This was the blowout for which Georgetown and its fans have been waiting, although, even in a 36-point victory, there were a few caveats.
The No. 15 Hoyas pasted overmatched Longwood, 89-53 at the Verizon Center on Monday, a decisive victory for a team that had won seven of its first eight games by an average margin of nine points.
“You look for [a rout] every game – every single, solitary game you hope that it happens, but it doesn’t,” coach John Thompson III said. “Am I glad how things turned out? Yes.”
It took a while for Georgetown to get going – with eight minutes left in the first half, the Hoyas held just a 20-12 lead – but it did, it was finally no contest.
The Lancers gave the ball away like candy on Halloween, committing 30 turnovers, and the Hoyas were more than happy to solve their shooting woes with an array of easy layups and uncontested dunks. The Lancers’ 30 miscues were the most by a Georgetown opponent since Elon committed 32 in December 2003.
“There’s good length and good defense and good pressure, obviously, but you can’t go through a game like that and give up 27 points off 18 turnovers [in the first half],” Longwood coach Mike Gillian said.
Georgetown posted a ridiculous 47-7 edge in points off turnovers, as Longwood dug its own hole with a laughable display of mostly unforced errors.
“I thought that our full-court defense and our presses were very effective,” Thompson said. “I thought our half-court defense, which has been pretty good, I don’t how good that was today, meaning they either turned the ball over or got the shot they wanted. But our pressure definitely affected them.”
Otto Porter scored a career-high 22 points on 8 of 11 shooting, and added a career-high seven assists, four steals and four rebounds, while committing no fouls for good measure to lead Georgetown to a season-high in points.
“I was getting open looks, knocking them down, and moving the ball,” Porter said. “I was getting easy buckets, basically.”
That was the theme of the entire night, as the Hoyas finished at 54 percent from the floor and tallied 25 assists on 36 made baskets.
The romp served a bigger benefit than just giving the Hoyas a confidence boost – it also allowed Thompson a chance to empty his bench, which hasn’t gotten much playing time given the close nature of Georgetown’s games.
Those players have seen such little action, though, that when Thompson inserted center Moses Ayegba early in the second half, he had to remind the junior to tuck in his jersey before the whistle blew.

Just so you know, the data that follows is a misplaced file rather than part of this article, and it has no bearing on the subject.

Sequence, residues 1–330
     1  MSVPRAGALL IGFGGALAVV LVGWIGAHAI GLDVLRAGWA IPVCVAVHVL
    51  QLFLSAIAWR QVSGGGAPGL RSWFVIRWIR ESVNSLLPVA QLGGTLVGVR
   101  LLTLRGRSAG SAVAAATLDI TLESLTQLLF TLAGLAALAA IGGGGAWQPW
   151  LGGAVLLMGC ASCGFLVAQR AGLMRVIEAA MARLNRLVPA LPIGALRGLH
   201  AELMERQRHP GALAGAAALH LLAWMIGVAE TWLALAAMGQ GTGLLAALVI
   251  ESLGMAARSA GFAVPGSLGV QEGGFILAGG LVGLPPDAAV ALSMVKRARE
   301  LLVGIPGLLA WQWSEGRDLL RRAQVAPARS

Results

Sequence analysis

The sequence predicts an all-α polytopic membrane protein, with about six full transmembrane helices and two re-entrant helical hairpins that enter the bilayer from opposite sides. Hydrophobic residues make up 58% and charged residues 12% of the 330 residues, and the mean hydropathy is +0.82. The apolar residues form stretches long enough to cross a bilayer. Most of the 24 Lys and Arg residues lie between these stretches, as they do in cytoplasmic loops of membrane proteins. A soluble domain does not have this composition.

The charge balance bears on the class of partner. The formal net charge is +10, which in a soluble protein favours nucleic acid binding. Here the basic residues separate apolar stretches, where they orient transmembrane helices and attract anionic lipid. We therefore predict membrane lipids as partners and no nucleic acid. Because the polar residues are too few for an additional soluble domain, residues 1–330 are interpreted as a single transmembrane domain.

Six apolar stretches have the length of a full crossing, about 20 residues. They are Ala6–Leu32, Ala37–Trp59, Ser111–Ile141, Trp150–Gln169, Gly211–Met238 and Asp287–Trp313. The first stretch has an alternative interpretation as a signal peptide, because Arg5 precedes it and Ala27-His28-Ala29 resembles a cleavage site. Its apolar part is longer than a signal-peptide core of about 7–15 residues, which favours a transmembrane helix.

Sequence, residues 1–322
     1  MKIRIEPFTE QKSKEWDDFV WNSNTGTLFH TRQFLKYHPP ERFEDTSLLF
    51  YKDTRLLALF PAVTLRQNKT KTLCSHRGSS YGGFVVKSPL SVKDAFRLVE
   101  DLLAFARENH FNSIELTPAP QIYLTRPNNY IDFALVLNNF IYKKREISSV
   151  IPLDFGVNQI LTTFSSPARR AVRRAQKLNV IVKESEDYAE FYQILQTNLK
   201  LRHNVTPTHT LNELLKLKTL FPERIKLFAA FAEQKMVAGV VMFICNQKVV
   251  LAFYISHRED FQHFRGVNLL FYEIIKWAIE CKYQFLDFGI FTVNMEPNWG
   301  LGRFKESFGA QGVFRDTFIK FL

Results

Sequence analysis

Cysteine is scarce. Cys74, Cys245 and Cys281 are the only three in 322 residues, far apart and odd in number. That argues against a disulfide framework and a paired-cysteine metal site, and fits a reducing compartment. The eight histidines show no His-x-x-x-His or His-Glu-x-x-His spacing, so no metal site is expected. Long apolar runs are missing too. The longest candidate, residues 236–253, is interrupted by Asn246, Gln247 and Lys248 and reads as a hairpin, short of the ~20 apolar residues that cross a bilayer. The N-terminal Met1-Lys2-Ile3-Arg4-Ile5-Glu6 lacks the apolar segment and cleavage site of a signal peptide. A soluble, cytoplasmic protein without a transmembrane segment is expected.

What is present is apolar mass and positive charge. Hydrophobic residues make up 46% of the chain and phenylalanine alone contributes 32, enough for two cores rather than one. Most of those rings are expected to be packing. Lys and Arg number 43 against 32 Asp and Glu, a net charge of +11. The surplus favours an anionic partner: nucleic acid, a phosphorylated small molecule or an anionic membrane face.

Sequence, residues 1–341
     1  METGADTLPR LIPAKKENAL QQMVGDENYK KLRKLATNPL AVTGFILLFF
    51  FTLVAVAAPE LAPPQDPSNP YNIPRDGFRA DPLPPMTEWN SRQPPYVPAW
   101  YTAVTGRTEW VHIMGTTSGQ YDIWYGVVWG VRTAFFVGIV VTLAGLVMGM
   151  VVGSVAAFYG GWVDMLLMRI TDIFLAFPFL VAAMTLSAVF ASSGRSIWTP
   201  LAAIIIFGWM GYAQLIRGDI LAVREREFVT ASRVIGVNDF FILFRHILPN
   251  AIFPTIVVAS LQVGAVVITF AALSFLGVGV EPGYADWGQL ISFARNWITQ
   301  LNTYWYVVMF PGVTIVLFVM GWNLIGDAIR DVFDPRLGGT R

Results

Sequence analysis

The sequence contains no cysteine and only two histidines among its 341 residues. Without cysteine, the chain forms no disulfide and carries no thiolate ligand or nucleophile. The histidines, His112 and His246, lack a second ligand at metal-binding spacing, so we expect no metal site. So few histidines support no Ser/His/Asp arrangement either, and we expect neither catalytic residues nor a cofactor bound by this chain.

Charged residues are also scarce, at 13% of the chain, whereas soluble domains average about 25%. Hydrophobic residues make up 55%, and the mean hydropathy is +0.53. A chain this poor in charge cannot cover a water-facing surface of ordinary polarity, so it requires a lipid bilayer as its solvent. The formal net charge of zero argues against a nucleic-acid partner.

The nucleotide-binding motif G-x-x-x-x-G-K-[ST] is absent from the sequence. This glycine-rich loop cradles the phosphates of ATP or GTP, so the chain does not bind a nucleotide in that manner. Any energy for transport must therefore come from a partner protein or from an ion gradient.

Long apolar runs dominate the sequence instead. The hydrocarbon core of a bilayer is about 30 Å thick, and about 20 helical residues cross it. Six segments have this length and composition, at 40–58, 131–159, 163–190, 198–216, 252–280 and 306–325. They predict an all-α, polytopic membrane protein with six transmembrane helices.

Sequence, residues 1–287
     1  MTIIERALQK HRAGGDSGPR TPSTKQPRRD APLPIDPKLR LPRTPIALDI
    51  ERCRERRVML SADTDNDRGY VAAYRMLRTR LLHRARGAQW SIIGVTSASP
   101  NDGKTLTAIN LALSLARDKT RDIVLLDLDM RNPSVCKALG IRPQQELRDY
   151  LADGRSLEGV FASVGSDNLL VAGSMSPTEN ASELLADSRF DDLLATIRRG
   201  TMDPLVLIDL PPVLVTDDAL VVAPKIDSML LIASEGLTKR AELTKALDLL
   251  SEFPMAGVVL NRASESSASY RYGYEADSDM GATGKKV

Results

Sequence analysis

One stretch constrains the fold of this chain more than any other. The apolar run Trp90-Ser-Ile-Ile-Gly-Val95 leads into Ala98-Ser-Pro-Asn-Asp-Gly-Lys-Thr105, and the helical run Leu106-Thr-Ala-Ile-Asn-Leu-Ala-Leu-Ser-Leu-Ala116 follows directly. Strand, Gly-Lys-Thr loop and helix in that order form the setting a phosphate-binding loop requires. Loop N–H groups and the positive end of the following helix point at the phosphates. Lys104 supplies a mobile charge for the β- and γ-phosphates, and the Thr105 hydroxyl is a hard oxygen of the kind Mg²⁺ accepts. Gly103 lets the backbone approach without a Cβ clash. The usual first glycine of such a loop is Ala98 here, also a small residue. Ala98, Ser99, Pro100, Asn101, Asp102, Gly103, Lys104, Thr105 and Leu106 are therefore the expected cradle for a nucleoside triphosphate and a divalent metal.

Later in the half, freshman forward Stephen Domingo missed a wide-open layup after a perfectly executed back-cut, perhaps showing a bit of rust. And poor Brandon Bolden nearly tripped over his shooting shirt in his haste to get into the final minute of the contest.
But, those will turn out to be valuable minutes for the Hoyas as they enter the meat of their schedule.
“Moses rebounded well, which is something that we need,” Thompson said. “It’s a situation where guys are going to be ready once they get in. We all expect that once you get in the game, they should do what they should without much drop off.”
That’s not to say this was a perfect game for the Hoyas – shockingly, the tiny Lancers outrebounded Georgetown by a 36-26 margin, highlighting a season-long issue in which the lengthy Hoyas have been outworked on the glass.
And, aside from Markel Starks’ 4-for-5 effort from beyond the arc, Georgetown’s other shooters were 2-for-14 from 3-point range.
But, for once, the Hoyas could breathe easy in the final 10 minutes of a game, with the sparse Verizon Center crowd and the Georgetown starters celebrating the achievements of the bench players, forgoing the drama of their previous contests.
“We struggled last game with our offense, so to be able to get some offense out of our turnovers was a little boost for us,” said forward Nate Lubick, who finished with six points, seven assists and four rebounds.